If you can say that Y causes X to Z times more likely, then you have to have a base rate for X to occur. Maybe it’s just a SWAG at the base rate, but you still have to have something.

            And if you are not telling people what that base rate is, then I have to wonder why.

            Also, leaving the base rate out of the discussion helps to get correlation and causation backwardsReport

    • InMD in reply to fillyjonk says:

      The law/public policy when it comes right down to it is really bad at science and statistics. Frankly so is the voting public. It lends itself to all kinds of overreaction and the ability to put an agenda in a scientific gloss that the ultimate decision maker has no real business assessing.

      Maybe there’s merit to these techniques but sounds to me more like the crime lab forensic stuff that’s discredited every time someone halfway objective tests it but which nevertheles remains admissible in courtrooms across the land.Report

  5. Oscar Gordon says:

    ThTh6: I love stories like that, not just the guy escaping the poverty and making good, but discoveries that upset the apple cart.Report

  6. Jaybird says:

    ThTh9: Dude. That’s awesome.Report

    • George Turner in reply to Chip Daniels says:

      A tweet saying: (I have no idea how to make tweets show up right)

      The EU is planning to implement laws that make historic rebuilding illegal. “When new parts/elements are necessary, a project shall use contemporary design adding new value and/or use while respecting the existing ones.” EU is literally staffed by demons.

      I guess everything over there will be Soviet style Corbusier from now on, or glass strip malls.Report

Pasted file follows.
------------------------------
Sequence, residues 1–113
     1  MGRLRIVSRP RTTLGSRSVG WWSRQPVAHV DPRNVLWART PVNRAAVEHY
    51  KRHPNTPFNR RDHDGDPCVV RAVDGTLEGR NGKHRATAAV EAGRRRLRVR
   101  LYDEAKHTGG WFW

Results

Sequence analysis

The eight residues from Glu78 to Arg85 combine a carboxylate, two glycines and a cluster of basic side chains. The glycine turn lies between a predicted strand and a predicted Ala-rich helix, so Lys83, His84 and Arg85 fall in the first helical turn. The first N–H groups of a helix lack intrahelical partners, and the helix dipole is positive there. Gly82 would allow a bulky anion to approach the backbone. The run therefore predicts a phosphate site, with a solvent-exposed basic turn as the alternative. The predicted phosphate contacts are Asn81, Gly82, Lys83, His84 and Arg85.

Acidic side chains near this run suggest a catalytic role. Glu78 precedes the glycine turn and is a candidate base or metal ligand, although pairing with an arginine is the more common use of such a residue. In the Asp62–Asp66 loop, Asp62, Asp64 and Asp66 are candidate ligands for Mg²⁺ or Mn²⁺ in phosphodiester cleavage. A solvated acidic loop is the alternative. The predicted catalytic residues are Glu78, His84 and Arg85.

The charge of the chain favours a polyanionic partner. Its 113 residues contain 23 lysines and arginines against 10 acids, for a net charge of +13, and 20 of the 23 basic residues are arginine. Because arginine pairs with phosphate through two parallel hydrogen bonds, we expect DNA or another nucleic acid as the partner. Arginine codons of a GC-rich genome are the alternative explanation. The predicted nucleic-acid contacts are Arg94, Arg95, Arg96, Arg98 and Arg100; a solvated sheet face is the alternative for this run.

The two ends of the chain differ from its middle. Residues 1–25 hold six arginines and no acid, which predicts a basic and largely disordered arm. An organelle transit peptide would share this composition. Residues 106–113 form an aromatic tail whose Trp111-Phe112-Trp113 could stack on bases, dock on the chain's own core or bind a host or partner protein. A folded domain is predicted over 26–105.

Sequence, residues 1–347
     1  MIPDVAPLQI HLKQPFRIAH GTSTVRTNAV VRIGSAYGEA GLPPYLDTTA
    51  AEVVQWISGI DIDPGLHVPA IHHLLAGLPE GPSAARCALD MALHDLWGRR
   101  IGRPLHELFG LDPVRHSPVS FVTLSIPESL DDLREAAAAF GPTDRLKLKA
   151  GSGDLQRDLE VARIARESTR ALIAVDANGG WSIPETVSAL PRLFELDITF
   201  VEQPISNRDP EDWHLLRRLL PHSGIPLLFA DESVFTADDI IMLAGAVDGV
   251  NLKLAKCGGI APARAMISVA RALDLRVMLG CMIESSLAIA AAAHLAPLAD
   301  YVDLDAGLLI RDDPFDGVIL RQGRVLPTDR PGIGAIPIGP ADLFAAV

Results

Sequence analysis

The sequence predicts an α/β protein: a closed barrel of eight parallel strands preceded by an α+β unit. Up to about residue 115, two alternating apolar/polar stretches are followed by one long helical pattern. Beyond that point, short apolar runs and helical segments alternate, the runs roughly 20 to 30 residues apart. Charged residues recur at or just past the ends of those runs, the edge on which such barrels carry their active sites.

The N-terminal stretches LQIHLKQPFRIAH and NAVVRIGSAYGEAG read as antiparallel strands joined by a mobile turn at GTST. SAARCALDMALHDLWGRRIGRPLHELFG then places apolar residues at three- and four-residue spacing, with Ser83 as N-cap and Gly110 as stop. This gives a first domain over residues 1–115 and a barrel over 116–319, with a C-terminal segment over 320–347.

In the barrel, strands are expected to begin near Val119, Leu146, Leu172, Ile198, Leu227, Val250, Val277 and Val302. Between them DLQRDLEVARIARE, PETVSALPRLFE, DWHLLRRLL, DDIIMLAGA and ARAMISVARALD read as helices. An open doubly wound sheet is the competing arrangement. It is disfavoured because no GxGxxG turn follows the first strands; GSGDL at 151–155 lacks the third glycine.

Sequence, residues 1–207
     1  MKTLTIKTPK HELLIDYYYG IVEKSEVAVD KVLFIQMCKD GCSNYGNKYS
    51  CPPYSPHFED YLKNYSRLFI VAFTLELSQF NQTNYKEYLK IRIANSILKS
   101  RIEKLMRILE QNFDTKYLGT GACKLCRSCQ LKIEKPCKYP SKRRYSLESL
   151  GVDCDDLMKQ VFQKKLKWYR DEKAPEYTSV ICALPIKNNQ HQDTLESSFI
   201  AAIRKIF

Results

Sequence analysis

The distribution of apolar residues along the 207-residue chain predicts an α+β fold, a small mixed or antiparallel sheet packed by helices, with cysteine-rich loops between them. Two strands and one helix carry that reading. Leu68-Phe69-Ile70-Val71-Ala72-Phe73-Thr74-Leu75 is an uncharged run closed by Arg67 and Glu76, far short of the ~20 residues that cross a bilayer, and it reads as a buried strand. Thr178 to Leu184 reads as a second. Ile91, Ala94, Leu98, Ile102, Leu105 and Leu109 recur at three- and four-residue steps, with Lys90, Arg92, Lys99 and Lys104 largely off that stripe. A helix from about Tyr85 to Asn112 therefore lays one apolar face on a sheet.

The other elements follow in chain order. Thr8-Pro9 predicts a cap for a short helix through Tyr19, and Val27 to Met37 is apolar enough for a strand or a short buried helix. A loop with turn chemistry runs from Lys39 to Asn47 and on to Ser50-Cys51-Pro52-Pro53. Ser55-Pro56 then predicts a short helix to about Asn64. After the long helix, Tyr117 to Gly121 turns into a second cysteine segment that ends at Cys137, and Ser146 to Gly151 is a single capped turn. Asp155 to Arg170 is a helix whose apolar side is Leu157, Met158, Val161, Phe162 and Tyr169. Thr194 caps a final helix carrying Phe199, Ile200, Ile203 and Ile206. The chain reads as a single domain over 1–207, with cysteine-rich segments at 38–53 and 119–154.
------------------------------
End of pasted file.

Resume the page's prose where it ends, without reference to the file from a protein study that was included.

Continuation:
7. [ThTh6] A guy who grew up in a trailer park, and earned a PhD without either mastering the obstacle course of grades, test scores and leadership activities or taking on crippling student loans.Report

  8. Oscar Gordon says:

    Science and Mathematics related: The Babylonians were doing Trig 1500 years before the Greeks supposedly discovered it.Report

    • veronica d in reply to Oscar Gordon says:

      I’m pretty sure we’ve discovered evidence the Babylonians had basic trig before this. I distinctly remember reading in one of my math history texts that we had base-60 sine and cosine tablets from Mesopotamia, which I expect were Babylonian.

      Maybe when I have some free time I’ll check, but it’s well understood that both the Egyptians and Babylonians had a pretty solid base of practical math well before the Greeks. The real advance of the Greeks was the idea of “pure” axiomatic math.Report

    • A friend sent me a piece the other day with someone’s clever geometric way to find roots of quadratic equations without the quadratic formula. That article finished up with a statement to the effect of see how much simpler this is, so this is how we should be teaching it. This one sneaks in the same idea.

      As I repeat, ad nauseam, there’s a reason things are taught the way they are: everything from Algebra 1 through the first semester of differential equations and linear algebra is the basic math sequence for engineers and a variety of sciences. We teach algebra the way we do because we need it that way later. We teach trigonometry the way we do because we need it that way later.Report

      • E.g we have trig functions in radians and logs base e because that makes their derivatives simpler.Report

        • I was thinking more that we teach trig based on angle — which seems to annoy the author of the original article — in order to get (in particular) sine and cosine functions that are periodic and defined everywhere (plus have a variety of other useful properties). Down the road a ways, replace the angle variable with a time variable and you get an enormously important tool in science and engineering. Replace angle with a two-dimensional position function and you get a critical tool for image compression.Report